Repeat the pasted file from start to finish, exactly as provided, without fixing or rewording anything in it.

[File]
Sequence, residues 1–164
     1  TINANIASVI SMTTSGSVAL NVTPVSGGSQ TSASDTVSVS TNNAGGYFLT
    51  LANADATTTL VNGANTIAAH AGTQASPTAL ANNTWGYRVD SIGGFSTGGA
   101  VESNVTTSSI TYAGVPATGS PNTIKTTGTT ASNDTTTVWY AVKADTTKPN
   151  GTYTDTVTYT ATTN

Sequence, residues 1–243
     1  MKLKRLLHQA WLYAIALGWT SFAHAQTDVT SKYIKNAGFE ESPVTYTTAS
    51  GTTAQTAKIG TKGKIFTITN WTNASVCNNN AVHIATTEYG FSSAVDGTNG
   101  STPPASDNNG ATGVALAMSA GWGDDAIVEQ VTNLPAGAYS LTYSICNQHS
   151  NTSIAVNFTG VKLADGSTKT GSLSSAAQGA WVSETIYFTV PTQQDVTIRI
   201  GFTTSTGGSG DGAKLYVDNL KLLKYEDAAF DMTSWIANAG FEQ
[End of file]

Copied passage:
Sequence, residues 1–164
     1  TINANIASVI SMTTSGSVAL NVTPVSGGSQ TSASDTVSVS TNNAGGYFLT
    51  LANADATTTL VNGANTIAAH AGTQASPTAL ANNTWGYRVD SIGGFSTGGA
   101  VESNVTTSSI TYAGVPATGS PNTIKTTGTT ASNDTTTVWY AVKADTTKPN
   151  GTYTDTVTYT ATTN

Sequence, residues 1–243
     1  MKLKRLLHQA WLYAIALGWT SFAHAQTDVT SKYIKNAGFE ESPVTYTTAS
    51  GTTAQTAKIG TKGKIFTITN WTNASVCNNN AVHIATTEYG FSSAVDGTNG
   101  STPPASDNNG ATGVALAMSA GWGDDAIVEQ VTNLPAGAYS LTYSICNQHS
   151  NTSIAVNFTG VKLADGSTKT GSLSSAAQGA WVSETIYFTV PTQQDVTIRI
   201  GFTTSTGGSG DGAKLYVDNL KLLKYEDAAF DMTSWIANAG FEQ